Duke Marshall has a history of helping others get a second chance in life.
The former maintenance business owner began his educational career teaching adult school at the Central California Women's Facility in Chowchilla during the 1990s.
"I wanted to invest in the lives of young people and make a difference," he said.
He used his nine years working as a teacher, and later assistant principal, for the California Department of Corrections to establish his career. Then he switched to public education, serving as Los Banos High's dean of students and eventually an assistant principal.
Marshall was recently named the new principal at San Luis High School. The continuation school educates troubled youth that have fallen behind in school because of lack of attendence, poor grades, discipline problems, teen pregnancies and other issues. Marshall tries to look beyond that.
"I don't use any of that to judge the students. I just see them as taking advantage of an opportunity to get caught up on their credits," Marshall said. "They haven't dropped out, they haven't quit, with all their excuses they haven't bought into them."
Marshall is replacing former Principal John Lupini who held the job for 27 years. Marshall said he is the beneficiary of the educational foundation Lupini built.
"The staff genuinely cares about the kids, they're amazing. They come here and they want to see the kids be successful," Marshall said. "I think that helps the kids buy-in. They know this is an environment where the leadership cares about their well being," he said.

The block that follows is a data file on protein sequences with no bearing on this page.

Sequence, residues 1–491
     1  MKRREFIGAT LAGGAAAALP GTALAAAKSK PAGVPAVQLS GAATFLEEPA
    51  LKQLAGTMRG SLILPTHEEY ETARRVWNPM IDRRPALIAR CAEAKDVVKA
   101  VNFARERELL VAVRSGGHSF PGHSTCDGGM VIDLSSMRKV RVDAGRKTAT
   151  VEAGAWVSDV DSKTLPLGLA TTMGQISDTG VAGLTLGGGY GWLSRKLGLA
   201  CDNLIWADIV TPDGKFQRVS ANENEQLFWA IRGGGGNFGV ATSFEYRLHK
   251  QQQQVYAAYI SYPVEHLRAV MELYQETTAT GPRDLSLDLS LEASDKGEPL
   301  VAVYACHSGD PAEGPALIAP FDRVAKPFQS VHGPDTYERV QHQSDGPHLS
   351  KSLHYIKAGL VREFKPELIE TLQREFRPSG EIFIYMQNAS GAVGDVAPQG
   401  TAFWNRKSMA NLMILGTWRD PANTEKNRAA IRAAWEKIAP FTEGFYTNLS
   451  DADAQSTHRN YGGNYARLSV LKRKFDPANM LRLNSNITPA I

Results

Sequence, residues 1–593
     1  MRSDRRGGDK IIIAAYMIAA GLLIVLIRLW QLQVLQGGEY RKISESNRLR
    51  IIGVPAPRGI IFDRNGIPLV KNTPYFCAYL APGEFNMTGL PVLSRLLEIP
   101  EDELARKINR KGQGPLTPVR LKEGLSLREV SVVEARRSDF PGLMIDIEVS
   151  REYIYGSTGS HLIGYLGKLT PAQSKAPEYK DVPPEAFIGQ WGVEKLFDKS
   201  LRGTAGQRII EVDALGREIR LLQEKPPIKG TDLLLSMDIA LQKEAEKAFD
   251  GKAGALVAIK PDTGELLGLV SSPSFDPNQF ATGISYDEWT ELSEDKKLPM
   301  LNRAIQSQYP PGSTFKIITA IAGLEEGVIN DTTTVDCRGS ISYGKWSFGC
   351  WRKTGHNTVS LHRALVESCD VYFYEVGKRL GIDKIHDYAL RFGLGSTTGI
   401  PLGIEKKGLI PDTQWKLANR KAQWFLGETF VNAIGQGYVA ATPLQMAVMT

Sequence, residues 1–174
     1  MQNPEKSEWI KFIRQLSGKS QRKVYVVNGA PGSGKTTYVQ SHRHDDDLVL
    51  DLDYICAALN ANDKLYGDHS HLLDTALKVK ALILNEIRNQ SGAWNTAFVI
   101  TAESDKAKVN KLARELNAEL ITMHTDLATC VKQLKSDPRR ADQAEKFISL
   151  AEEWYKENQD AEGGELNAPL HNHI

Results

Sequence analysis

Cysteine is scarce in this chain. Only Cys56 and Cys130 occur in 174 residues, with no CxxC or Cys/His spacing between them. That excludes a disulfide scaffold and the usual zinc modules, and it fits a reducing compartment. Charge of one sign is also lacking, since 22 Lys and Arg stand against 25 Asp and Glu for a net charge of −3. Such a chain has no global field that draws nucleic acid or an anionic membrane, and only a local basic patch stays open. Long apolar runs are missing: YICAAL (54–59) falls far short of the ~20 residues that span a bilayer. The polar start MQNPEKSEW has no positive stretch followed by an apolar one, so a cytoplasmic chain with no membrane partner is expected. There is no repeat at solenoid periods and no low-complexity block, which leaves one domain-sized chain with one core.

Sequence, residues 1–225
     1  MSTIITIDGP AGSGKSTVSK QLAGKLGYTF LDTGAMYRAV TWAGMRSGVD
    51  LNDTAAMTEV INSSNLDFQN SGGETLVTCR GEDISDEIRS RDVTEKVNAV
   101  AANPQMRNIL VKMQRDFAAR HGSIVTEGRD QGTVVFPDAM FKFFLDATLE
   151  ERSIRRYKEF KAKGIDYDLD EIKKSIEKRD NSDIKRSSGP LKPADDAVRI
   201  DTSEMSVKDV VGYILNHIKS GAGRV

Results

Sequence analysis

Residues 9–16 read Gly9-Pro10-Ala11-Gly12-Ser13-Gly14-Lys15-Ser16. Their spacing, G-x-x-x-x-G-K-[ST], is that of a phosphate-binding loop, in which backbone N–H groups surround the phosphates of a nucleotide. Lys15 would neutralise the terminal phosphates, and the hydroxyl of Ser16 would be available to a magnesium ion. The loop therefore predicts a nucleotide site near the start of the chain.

Marshall is on sabbatical from being the pastor at Crossroads Church. He said he always understood that was going to be a venture that would just be a "season" in his life. He said transitioning from the church and leaving Los Banos High are similar in that manner. Marshall said it dawned on him this past year that Los Banos High's class of 2013 started kindergarten the same year he began working for the school.
"We all graduated together," Marshall said. "This is like my post-graduate career. I think the timing was perfe ct for me."
Marshall said he is enjoying the smaller campus after experience the student-population boom that accompanied the housing bubble in the last decade.
"I was at Los Banos High School when we had 2,600 students. To come from that environment to having 150-180 kids, it gives me an opportunity to connect with the students," Marshall said.
The first day of San Luis High School's six-week school session under Marshall was Monday and he had a simple message for the teens.
"Whatever choices they made that got them here, I challenged them to make better choices and to see how much further they can go in life," Marshall said.